“We usually put on a lot of blankets, but it’s actually way beyond anything I can afford in my budget. I can’t budget for an increase of up to 54% for heating my home. She said she felt “sorry and angry.”

A government spokesperson said: “We are providing significant support for those on the lowest incomes, including putting an average of £1,000 more a year in the pockets of working families through Universal Credit, increasing the living wage to provide an extra £1,000 for a full-time worker, and help pay fuel bills and rent arrears. »

Labor has called for a ‘fundamental reform’ of Universal Credit and a reduction in VAT on energy bills, as well as the expansion of the Hot Homes Rebate Scheme, which offers a one-time rebate on electricity bill to those who are eligible between October and March.

Jonathan Ashworth, the Shadow Work and Pensions Secretary, said: ‘Years of Tory economic ineptitude have dragged down workers, families and pensioners with soaring heating bills, punitive tax hikes, rising prices and the highest inflation in 30 years, which will mean real – terms cut into the support people are counting on in April. Combined with the universal reduction in credit, this will cause real hardship for families.

“Hopeless Tory ministers claim they can’t fix the five-week wait for Universal Credit. But it is clear that this system needs fundamental reform.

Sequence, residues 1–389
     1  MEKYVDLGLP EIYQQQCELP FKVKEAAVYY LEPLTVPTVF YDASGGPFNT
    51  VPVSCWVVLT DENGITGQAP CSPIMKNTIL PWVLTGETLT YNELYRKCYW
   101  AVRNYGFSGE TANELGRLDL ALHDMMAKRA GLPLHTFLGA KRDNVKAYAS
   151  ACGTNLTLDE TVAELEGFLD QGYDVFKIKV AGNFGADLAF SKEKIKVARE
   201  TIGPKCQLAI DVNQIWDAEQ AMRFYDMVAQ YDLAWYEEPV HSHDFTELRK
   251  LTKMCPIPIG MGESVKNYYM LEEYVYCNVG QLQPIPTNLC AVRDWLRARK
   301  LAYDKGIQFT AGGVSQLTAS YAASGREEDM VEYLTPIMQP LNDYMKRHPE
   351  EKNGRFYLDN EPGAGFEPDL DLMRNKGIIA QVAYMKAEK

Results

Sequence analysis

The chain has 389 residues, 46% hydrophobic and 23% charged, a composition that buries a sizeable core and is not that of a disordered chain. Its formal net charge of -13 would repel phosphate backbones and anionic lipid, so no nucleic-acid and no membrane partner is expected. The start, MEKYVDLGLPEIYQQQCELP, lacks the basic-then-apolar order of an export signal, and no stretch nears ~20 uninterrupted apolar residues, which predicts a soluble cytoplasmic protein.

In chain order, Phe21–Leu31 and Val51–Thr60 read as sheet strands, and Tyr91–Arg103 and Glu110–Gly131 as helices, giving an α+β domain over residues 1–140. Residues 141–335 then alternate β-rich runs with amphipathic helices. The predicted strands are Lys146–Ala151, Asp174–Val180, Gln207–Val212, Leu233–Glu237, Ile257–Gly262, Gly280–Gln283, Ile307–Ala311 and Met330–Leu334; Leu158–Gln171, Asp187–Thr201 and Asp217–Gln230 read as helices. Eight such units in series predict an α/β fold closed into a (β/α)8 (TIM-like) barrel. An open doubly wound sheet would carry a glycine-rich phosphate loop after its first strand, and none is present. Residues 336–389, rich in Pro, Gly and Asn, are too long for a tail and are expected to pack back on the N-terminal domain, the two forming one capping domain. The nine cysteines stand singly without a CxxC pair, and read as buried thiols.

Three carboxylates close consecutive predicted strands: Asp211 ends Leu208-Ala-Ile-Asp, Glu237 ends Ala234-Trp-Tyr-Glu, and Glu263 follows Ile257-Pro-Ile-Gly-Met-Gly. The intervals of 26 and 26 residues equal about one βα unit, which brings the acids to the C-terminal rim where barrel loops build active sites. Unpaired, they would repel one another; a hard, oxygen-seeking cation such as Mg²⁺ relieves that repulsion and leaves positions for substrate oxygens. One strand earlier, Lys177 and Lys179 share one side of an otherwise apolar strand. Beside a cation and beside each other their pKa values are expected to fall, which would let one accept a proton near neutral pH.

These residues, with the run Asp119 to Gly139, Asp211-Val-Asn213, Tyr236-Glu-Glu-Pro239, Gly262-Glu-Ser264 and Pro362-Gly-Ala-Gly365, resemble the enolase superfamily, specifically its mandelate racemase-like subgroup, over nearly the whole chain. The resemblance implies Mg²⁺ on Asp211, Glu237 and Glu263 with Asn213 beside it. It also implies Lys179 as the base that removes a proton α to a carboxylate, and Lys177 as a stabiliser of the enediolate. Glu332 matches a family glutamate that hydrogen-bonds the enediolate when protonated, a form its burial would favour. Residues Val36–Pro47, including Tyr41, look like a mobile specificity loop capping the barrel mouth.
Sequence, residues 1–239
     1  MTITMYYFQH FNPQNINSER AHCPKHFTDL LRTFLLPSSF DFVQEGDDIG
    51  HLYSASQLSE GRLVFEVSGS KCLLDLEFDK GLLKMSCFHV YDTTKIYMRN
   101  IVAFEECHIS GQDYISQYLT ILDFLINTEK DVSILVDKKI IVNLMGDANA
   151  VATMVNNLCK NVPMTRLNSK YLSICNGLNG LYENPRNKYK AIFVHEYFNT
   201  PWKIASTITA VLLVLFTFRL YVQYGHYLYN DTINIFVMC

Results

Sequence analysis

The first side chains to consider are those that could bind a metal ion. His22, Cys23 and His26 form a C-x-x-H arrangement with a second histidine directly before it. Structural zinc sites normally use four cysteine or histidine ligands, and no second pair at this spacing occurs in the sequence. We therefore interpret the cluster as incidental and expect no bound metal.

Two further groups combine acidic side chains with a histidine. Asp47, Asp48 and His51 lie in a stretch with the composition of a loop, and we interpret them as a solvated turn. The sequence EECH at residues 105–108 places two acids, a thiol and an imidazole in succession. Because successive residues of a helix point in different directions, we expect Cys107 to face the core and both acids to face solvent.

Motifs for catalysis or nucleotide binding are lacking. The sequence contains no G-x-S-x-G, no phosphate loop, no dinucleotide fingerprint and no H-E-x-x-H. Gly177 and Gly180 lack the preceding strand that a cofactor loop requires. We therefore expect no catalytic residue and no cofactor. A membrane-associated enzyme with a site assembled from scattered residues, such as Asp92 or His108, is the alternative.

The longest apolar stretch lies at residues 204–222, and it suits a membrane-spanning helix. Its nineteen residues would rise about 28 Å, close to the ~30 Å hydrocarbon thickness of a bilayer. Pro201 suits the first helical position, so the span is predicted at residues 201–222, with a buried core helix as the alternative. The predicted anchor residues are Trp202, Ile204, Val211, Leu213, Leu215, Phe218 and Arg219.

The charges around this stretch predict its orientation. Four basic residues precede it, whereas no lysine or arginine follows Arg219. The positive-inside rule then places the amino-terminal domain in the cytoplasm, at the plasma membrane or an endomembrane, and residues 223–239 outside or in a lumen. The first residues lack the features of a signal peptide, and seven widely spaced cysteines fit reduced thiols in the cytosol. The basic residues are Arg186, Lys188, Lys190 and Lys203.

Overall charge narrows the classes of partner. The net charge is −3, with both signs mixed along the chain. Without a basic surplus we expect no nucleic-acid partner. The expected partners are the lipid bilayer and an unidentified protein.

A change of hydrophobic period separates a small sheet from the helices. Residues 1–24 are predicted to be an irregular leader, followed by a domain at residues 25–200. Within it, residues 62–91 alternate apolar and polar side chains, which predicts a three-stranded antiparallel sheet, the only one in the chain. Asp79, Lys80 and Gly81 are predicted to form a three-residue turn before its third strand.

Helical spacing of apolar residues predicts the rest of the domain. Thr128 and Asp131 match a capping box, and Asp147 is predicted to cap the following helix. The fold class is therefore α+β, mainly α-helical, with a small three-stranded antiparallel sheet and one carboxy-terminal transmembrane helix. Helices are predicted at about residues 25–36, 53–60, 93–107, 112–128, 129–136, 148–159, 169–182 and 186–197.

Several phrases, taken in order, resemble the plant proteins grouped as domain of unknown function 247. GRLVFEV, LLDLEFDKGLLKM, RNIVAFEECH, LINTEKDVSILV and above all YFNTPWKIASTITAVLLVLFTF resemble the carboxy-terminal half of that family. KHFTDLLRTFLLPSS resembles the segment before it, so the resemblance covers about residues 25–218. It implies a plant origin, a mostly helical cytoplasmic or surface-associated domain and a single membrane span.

A study by the Resolution Foundation think tank found that the number of energy-stressed households spending at least 10% of their budget on energy bills would triple overnight in April to 27%, affecting 4 million additional households.

Jack Leslie, senior economist at the foundation, said the government must take urgent action, potentially offering targeted support either through Universal Credit or by expanding the hot house discount, or face a “catastrophe “.

‘If there is no political action there will be a really significant number in the UK who will struggle to get by,’ he said, adding: ‘It is absolutely a disaster is brewing and we know it is coming and something has to be done.”

The combined impact of the rising cost of living, high rents and last year’s housing benefit freeze is also causing problems, particularly in major cities like London, as well as in the South East, Northern Ireland, the Midlands and the South West.

Darren Baxter, policy manager at the Joseph Rowntree Foundation, an anti-poverty charity, said that across the country rent increases are “pushing far too many people into poverty”.

Victoria Benson, chief executive of the single parent charity Gingerbread, said urgent targeted support was particularly needed for single parents, some of whom go without food to feed their children and charge childcare costs to parents. credit card. “They have to make this really tough choice between food or fuel. It’s really difficult,” she said.

She also called for an increase in Universal Credit so that single parents can afford to feed their families and heat their homes: “It seems to me that there is something very wrong if working people don’t have still not have the means to feed their families”.